Since we received our Photon several months ago it has been difficult to find a working example of Hardware PWM on the Photon (suiteable for IR signals). Initially, we ported our softPWM approach to the Photon, which is excellent. However, we figured it must be possible to use at least one of the spare UARTs on the Photon to achieve our goal. So first we started prototyping on the Arduino and quickly got a working example with some limitations – only 40 kHz and 33 kHz carrier frequencies were possible with the UART without delving into the registers a bit more. Then we moved the code over to the Photon, leveraging our previous softPWM examples, upgraded with the Arduino code – EUREKA! The Backdoor uPWM Hack on Photon for Infrared signals.
I’ve wanted to start playing with Laser Cutter/Engravers for quite a while. I finally happened across a great deal on a Chinese made 40 watt Laser Engraver with the Moshidraw software and control hardware. Wanting something I can modify and that is of better quality I decided to use my spare RAMPS 1.4 and Arduino Mega I had sitting around. I’ve successfully upgraded the system and here are the details so that others won’t have such a hard time getting theirs up and running. One benefit with this setup is the system is completely standalone. All you need is an SD card with your gcode files on it (remember to have the .g extension)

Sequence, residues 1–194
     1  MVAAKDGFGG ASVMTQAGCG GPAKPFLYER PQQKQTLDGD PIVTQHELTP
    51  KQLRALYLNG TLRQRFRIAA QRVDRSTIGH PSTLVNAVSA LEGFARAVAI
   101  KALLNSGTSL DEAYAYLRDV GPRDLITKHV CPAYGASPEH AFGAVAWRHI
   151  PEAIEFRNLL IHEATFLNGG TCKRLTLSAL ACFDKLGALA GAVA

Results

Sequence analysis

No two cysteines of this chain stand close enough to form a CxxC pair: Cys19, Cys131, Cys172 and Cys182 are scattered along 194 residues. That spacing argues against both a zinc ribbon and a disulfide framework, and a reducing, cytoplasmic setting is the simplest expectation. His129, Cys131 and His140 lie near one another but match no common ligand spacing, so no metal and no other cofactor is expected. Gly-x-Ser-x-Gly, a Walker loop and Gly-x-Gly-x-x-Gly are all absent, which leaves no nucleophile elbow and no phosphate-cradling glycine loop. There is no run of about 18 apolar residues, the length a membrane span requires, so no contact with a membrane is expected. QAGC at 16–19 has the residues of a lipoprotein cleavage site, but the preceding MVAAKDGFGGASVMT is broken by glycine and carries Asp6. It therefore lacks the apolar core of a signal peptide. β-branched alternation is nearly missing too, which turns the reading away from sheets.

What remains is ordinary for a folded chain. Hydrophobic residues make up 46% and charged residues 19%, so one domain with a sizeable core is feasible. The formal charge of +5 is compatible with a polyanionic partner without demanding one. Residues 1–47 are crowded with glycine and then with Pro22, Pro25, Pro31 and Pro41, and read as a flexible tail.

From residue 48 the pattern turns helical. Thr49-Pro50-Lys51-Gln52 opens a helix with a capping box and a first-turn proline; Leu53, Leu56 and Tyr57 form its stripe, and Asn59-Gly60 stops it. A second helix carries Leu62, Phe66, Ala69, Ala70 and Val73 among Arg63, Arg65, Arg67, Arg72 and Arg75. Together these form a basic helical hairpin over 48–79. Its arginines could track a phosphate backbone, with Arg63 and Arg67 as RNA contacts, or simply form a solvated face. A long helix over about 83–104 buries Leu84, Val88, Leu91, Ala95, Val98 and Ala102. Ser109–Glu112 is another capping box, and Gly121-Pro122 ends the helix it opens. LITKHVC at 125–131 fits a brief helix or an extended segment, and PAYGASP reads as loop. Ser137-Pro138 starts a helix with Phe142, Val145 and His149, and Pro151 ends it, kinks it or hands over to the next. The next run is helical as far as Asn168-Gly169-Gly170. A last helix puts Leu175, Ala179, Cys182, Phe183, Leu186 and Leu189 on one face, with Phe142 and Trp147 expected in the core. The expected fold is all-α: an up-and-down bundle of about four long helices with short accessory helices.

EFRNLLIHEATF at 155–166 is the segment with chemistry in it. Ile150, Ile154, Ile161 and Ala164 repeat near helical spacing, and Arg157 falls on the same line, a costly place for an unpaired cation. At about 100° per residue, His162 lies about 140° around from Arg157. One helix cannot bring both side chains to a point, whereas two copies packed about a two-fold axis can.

Since an incubator needs to be hot not cold, I installed a piece of heat tape (aka – heat mat for reptiles). This was taped onto the back wall behind the false wall (which unscrewed with a handful of screws). As a refrigerator the fan would pull air over the cool coils behind the false wall to cool the air. Now the coils were replaced with heat tape and the air will be warmed.
Who knows how hot heat tape will get if just plugged into the wall (I am sure someone does but not me)? To control how hot my incubator will get I plugged the heat tape into this thermostat I had laying around. It is designed for reptiles and has a temperature probe which I fed into the inside of the incubator.
Marcelo Roberto Jimenez wrote an assembler/disassembler for XSVF, he writes:
As a sequence of my last project, the JTAG/XSVF library for Arduino, I felt I needed a XSVF assembler and disassembler, so that I could hack JTAG a little bit. I found that XSVF is very convenient, much more than SVF when you are dealing with a single component in the JTAG chain. I also found out that the XSVF files produced by programmers are very inefficient and full of unnecessary stuf. It would be great if I could write my own XSVF files.